Marketing decision tools: very boring, but rated well.
Marketing Strategy Development: a lot of work, but is also rated relatively well.
The language requirements are okay, as English is not the mother tongue for the majority of students.
After arriving in Melbourne you can use an airport shuttle at Swinburne for free.
After you have settled in for a few days, the orientation week starts. There are events with general information about studying at the Swinburne, you get support in creating the timetable, you can do a campus tour and a city tour. I can only recommend it to get to know other internationals.
The level of study
The duration of a lecture is 3 hours (often only with a 10-minute break). There is no compulsory attendance. The level of study is similar in terms of content to that in Germany, but you have a higher workload during the semester because you have to submit a lot of tests and other study achievements.
everyday life and free time
A great deal is already being offered through the Swinburne Study Abroad Office. I can also recommend the RMIT Surf Club and the Swinburne University Waterski and Wakeboard Club. Otherwise Melbourne is not “The most liveable City in the World” for nothing. There are an incredible number of bars, restaurants, cafes, festivals, concerts, sporting events (football, Asiacup, cricket, Australian Open, etc. ), and everything else that is fun! You can go running on the beach, kitesurfing, windsurfing, partying, enjoying the weather in rooftop bars and so on. I can recommend the group Newbies International Melbourne, through which you can explore Melbourne and the surrounding area with a large group of other newcomers at low cost. There are the following options: Great Ocean Road Trip, Grampians National Park, Wilsons Promotory, Yarra Valley Winetasting etc. The Mornington Peninsula is also worthwhile, there are the hot springs (preferably in winter) and offers for dolphin swims (more in the Summer). The Queen Victoria Market or the South Melbourne Market are particularly worthwhile at the weekend (fruit and vegetables are much cheaper there than in the supermarket). You can of course go shopping in the CBD or in the Chadstone Mall, but everything is quite expensive, so it’s best to wait for the sale.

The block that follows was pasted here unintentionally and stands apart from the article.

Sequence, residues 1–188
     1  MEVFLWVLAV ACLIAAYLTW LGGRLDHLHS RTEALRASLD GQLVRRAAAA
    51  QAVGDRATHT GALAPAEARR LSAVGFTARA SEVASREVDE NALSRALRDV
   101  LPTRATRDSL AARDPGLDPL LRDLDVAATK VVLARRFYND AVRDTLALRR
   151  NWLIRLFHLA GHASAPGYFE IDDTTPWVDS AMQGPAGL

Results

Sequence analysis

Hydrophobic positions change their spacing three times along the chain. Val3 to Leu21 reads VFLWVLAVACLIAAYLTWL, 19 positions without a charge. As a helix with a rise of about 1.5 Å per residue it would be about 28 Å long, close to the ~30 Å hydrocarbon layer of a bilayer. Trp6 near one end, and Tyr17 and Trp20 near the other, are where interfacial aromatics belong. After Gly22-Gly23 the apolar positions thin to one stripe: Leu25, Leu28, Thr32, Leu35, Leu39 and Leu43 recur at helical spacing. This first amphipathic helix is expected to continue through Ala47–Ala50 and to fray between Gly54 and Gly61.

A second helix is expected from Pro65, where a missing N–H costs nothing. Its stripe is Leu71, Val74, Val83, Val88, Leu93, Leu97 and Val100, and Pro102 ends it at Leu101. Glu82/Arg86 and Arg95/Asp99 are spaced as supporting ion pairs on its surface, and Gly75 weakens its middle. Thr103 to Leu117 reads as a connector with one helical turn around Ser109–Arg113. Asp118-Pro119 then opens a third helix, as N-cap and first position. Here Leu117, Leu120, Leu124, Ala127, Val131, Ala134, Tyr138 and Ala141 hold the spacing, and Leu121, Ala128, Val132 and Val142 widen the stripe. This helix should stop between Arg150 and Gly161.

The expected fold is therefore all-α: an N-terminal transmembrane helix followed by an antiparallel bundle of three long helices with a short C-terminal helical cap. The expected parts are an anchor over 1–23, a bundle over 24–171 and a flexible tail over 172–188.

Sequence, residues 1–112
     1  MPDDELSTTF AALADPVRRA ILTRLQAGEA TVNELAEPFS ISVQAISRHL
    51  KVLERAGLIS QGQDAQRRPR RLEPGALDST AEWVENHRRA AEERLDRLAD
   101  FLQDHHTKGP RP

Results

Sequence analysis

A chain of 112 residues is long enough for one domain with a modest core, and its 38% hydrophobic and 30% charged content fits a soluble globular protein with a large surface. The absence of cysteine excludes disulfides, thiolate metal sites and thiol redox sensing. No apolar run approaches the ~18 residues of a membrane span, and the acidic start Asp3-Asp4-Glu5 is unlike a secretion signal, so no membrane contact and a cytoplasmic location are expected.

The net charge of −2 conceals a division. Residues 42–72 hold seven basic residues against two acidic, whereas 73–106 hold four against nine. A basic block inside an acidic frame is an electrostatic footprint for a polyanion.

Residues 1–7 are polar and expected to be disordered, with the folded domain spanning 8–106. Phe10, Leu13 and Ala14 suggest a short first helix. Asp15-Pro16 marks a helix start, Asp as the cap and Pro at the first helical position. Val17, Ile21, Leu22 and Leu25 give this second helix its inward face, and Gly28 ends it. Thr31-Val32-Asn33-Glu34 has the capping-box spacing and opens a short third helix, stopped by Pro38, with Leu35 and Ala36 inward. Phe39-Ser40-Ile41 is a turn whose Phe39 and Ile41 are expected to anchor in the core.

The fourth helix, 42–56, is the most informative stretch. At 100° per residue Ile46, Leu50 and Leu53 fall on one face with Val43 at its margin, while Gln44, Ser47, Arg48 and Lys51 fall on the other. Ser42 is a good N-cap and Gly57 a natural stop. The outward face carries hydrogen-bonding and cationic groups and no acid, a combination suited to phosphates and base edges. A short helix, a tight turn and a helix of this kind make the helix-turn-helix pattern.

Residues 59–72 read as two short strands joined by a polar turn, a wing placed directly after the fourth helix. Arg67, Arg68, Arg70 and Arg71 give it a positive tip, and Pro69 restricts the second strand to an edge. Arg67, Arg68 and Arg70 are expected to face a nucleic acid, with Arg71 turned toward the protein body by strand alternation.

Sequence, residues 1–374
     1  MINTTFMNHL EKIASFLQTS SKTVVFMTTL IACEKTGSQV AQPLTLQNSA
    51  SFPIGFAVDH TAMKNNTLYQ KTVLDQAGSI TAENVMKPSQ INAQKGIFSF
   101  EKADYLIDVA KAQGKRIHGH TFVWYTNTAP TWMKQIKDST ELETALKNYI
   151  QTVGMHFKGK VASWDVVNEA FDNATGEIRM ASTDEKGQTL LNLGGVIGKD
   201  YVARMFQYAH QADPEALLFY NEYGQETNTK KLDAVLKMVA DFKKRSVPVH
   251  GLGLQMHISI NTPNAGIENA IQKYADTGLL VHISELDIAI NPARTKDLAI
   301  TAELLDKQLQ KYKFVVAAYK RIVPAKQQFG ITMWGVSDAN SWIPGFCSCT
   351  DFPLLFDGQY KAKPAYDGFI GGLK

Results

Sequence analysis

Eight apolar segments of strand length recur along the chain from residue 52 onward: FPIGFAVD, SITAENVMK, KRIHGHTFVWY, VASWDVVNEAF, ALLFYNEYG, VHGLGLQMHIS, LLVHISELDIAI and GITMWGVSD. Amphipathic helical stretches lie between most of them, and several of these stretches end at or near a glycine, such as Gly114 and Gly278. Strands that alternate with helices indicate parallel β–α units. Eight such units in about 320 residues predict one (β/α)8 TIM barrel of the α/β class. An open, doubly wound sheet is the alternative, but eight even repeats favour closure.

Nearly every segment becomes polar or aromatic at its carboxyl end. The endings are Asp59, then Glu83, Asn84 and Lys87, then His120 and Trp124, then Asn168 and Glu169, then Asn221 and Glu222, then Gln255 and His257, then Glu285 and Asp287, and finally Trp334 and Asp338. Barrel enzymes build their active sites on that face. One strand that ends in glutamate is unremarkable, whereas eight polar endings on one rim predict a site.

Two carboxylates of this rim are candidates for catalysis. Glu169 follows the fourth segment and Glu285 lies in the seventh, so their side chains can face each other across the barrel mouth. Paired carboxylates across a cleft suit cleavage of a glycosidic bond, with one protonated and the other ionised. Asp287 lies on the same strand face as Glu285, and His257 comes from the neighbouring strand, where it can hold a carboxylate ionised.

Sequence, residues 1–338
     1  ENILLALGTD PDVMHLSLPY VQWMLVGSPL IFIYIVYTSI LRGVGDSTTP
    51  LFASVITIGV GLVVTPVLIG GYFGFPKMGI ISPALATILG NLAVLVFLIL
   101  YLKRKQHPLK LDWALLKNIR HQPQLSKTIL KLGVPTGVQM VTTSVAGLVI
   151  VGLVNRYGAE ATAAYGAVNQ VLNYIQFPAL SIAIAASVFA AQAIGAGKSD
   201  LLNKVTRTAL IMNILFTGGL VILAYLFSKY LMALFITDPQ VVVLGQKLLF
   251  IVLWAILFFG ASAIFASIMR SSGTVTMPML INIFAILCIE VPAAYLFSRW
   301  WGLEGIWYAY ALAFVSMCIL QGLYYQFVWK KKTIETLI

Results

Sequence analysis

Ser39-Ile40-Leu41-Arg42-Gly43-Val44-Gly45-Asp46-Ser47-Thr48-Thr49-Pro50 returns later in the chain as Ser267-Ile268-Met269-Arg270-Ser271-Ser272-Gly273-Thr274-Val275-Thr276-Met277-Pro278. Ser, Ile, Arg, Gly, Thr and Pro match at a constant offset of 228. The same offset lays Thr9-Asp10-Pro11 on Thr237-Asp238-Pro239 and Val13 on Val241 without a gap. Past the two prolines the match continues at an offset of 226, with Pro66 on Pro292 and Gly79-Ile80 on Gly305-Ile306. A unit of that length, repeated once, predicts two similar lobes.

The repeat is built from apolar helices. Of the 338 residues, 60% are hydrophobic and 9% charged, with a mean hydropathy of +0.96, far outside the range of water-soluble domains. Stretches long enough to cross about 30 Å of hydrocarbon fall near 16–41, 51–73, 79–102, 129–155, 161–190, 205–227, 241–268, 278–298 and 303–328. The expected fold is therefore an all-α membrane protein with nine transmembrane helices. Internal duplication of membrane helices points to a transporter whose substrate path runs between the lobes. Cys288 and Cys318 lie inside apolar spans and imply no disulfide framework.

Culture and tourism
It is very important to experience as much as possible and to drive away. In the semester break (7-10 days) it is worth taking a trip to Perth, the East Coast or Bali, for example). In no case should you go back to Germany immediately after the end of the semester, but plan a few more weeks to travel, as some tours simply need more time.
My best experience
I can hardly say which experience was the best because I had so many great and unforgettable experiences. You get to know a lot of nice new people from all over the world and every weekend there is something different going on in Melbourne. The horse races “Royal Melbourne Cup”, “Night Noodle Market”, “Australian Open” and “St. Kilda Festival ”were some of my highlights.
My worst experience
I actually haven’t had a bad experience. Everyone is very nice and helpful. However, don’t be disappointed when looking for an apartment, it takes a while to find something suitable and you may have to set your budget a little higher than expected.
Other tips and tricks
Cheap flights with student tariffs can be booked through STA-Travel. There is also the option of a flexible return date.
Of all important documents, such as B. Make copies of your passport and vaccination certificate and, if necessary, save them again on a USB stick.
Take care of vaccinations at an early stage (at least 6 months in advance).
Life in Australia is relatively expensive. However, it is possible to work on the side. There are many student jobs, be it as a waiter, nanny or fundraiser. Have a look at Gumtree or ask in the café next door. There are also job agencies such as Adecco, for example through which I got a job in customer service at the Australian Open.
If you buy vegetables, fruit, etc. at the weekly markets, you can save money (by the way, you can also find good jobs there).
Right next to the Swinburne University of Technology campus in Hawthorn there is a gym where students can work out for $ 40 a month. There is a relatively high registration fee, but you can avoid it if you register with as many people as possible. The associated swimming pool can even be used for free.